Secure, Trusted, and Assured Microelectronics (STAM) Center

The STAM Center investigates new technologies and methodologies to offer opportunities for designing secure computing devices and systems that go beyond what is currently achievable. The center couples its research mission with active recruiting and training of students, especially domestic students, targeting applications of national security importance.

The center conducts fundamental research in three technical areas meant to establish the foundation for future secure and trusted semiconductor/ microelectronics technologies: (1) new substrates, synthesis, and fabrication, (2) new computing paradigms and architectures, and (3) integrated sensing, edge computing, and secure communications.

Latest News

STAM Center Open House Highlights

We thank all the attendees and exhibitors at the STAM Center open house event for making it a success.  

The new ASU Cyber Range is operational

The Arizona Cyber Range (AzCR) a hybrid cyber range specifically developed as a training platform for security issues related to real hardware/electronic devices.

STAM Center Open House

The STAM Center will be hosting an open house event on April 19th. Please join us for demonstrations of the STAM Center's research around security and trustworthiness of microelectronics and computer systems.

STAM Center at GOMACTech 2022 Conference

Center researchers in collaboration with researcher from MIT introduced a new processor architecture [1] for use in accelerator-based edge processing systems. The architecture includes security features to protect the system in uncontrolled, unattended environments while adapting its resource utilization and processing to ambient events. [1] Situation-Aware Adaptive Architecture for Secure Edge Processing, Alan Ehret, Carsten Schwicking, Karen...

Prof. Kinsy gives a talk at MIT on “Designing Secure Computing Systems from Untrusted Components”

On October 25th, Prof. Kinsy gave a talk at MIT titled "Secure and Trusted Microelectronics: Designing Secure Computing Systems from Untrusted Components", with the following abstract: "The current trend in system-on-chip (SoC) design is system-level integration of heterogeneous technologies consisting of a large number of processing elements such as programmable RISC cores, memories, DSPs, and accelerator function units/ASIC. These processing...

Prof. Michel Kinsy gives two talks at Tapia Conference

Prof. Kinsy gave two talks CMD-IT/ACM Richard Tapia Celebration of Diversity in Computing Conference, titled: Next-Generation Secure Computer Systems: Post-Quantum Cryptosystems Trireme: A RISC-V Open-Source Architecture Design Space Exploration Toolbox CMD-IT/ACM Richard Tapia Celebration of Diversity in Computing Conference is the premier venue to acknowledge, promote and celebrate diversity in computing.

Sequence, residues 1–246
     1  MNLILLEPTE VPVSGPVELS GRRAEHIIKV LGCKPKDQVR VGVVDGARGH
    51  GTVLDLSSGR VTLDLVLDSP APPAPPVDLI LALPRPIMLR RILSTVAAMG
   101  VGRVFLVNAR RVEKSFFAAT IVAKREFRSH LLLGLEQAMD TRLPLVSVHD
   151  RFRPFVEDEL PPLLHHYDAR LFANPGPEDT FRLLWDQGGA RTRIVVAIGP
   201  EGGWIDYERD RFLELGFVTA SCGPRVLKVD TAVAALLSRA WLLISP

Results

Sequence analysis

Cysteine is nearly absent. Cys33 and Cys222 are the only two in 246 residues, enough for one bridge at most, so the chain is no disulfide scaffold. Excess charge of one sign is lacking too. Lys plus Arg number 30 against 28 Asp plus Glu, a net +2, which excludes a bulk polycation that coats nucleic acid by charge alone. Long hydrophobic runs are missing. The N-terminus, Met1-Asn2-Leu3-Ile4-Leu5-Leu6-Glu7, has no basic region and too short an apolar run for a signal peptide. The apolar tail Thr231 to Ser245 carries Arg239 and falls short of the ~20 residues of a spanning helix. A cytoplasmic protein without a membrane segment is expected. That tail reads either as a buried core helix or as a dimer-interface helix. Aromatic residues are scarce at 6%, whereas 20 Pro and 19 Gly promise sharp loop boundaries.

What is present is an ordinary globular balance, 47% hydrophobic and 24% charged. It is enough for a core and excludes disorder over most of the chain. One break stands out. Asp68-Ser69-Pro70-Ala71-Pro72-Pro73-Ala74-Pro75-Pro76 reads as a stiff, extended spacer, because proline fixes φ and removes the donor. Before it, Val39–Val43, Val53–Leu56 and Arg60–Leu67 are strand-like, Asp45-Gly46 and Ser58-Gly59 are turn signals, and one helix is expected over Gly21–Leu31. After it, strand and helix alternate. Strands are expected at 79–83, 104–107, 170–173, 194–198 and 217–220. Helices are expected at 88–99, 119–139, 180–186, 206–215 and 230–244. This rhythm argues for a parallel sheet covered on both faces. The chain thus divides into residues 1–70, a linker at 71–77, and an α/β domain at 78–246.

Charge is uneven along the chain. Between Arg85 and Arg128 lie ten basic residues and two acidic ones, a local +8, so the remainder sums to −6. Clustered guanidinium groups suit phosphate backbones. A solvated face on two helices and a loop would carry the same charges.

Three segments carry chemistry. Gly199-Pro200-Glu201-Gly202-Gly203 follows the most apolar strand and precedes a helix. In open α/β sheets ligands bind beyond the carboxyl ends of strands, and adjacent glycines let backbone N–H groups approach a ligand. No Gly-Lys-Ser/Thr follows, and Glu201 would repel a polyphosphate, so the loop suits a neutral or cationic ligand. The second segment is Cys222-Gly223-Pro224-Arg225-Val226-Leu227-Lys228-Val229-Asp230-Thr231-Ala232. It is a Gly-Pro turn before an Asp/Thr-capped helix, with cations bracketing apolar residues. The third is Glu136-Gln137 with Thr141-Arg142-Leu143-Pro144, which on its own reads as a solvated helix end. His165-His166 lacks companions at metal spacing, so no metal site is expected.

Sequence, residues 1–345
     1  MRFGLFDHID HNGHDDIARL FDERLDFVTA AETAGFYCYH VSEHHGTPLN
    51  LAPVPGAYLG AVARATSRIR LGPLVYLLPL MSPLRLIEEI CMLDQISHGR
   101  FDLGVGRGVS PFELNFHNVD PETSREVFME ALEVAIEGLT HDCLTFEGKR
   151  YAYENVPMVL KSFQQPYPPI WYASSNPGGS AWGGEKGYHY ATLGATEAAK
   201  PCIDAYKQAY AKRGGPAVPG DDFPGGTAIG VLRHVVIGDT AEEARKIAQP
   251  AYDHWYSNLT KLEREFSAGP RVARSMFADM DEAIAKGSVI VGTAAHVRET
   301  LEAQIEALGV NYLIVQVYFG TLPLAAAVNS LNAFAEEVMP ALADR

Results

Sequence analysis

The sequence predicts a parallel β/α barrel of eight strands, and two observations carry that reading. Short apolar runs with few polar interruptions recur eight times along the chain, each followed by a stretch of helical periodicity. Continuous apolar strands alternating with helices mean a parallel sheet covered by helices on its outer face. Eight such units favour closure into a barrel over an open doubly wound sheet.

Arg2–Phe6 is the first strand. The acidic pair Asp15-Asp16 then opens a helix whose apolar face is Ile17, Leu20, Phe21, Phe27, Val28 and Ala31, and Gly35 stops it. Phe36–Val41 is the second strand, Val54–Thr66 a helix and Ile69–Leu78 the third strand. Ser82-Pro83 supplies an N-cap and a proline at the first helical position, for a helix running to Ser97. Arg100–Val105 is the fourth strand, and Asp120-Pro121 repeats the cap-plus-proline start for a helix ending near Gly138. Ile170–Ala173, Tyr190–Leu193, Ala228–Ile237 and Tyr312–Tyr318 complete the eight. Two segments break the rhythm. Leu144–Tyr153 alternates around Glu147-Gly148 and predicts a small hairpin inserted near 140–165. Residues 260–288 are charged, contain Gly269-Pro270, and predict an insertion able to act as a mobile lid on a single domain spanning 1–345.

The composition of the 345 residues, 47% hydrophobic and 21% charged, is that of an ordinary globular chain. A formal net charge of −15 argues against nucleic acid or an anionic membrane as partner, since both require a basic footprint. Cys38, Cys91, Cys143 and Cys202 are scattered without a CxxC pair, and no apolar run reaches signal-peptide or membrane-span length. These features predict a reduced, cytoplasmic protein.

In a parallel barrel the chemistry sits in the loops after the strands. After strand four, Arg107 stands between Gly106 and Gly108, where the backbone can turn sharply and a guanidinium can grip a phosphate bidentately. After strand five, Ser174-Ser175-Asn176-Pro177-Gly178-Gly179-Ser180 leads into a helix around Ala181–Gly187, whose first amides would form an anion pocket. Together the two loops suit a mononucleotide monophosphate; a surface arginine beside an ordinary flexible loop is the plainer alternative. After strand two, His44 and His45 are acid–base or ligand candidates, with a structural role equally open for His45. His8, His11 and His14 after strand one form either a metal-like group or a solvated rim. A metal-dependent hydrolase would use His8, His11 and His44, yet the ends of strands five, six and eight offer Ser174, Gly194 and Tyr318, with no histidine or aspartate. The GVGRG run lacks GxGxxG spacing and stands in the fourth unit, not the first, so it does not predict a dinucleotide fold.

STAM Center at DAC’21

Join us at DAC'21 in San Francisco to learn about our recent work: "Distributed Memory Guard: Enabling Secure Enclave Computing in NoC-based Architectures", in Security Techniques across the Board (STAB) session, by G. Dessouky, M. Isakov, M. A. Kinsy, P. Mahmoody, M. Mark, A. Sadeghi, E. Stapf, S. Zeitouni, Proceedings of the 58th Annual Design Automation Conference. Association for Computing Machinery, San Francisco, CA, USA.

STAM Center hosting SECRISC-V on November 7th

Join us on November 7th for SECRISC-V'21, a workshop on secure RISC-V architecture design. SECRISC-V'21 is held along with IEEE International Symposium on Workload Characterization (IISWC). SECRISC-V'21 program can be found here.  


Researchers and students at the center investigate, design and prototype application-aware processors and embedded systems with cybersecurity compliance, technology transfer and field tests readiness in mind. The team uses a multidisciplinary and integrative approach consisting of algorithmic optimization, design flow automation, hardware-firmware co-development and prototyping. The center is organized in six research laboratories – two technology laboratories (SemiSec Laboratory and LUCS), and four application laboratories (ASCS Laboratory, AITS Laboratory, CAES Laboratory, and SECPS Laboratory).

Semiconductor Security

Semiconductor Security (SemiSEC) Laboratory: Zero-Trust IC Fabrication, Age-related IC Failures and Security, Supply Chain Trust Challenges, Secure-by-Construction IC Design

 Unconventional Substrates 

Laboratory for Unconventional Computing Substrates (LUCS): Approximate Computing, Cryogenics Computing, Quantum Computing, Secure Bio-Microelectronics

Adaptive and Secure Systems 

Adaptive and Secure Computing Systems (ASCS) Laboratory: Situation-Aware Computing, Post-Quantum Security, Self-Healing Systems

Private and Secure AI

Artificial Intelligence Technology and Systems (AITS) Laboratory: Privacy-Preserving AI/ML Systems Secure ML Hardware Accelerators Real-Time/Low-power ML Engines

Computer Architecture

Computer Architecture & Embedded Systems (CAES) Laboratory: Trusted Execution Environment Architecture, Enclave-Driven Architecture, Secure High-Performance Computing Architecture, Graph Processor Design.

Secure & Resilient IoT Systems

Secure & Resilient Cyber-Physical Systems (SECPS) Laboratory: Physically-Distributed Systems and Infrastructures, Sharing Confidential Information in IoT Systems, Secure Group Anonymous Authentication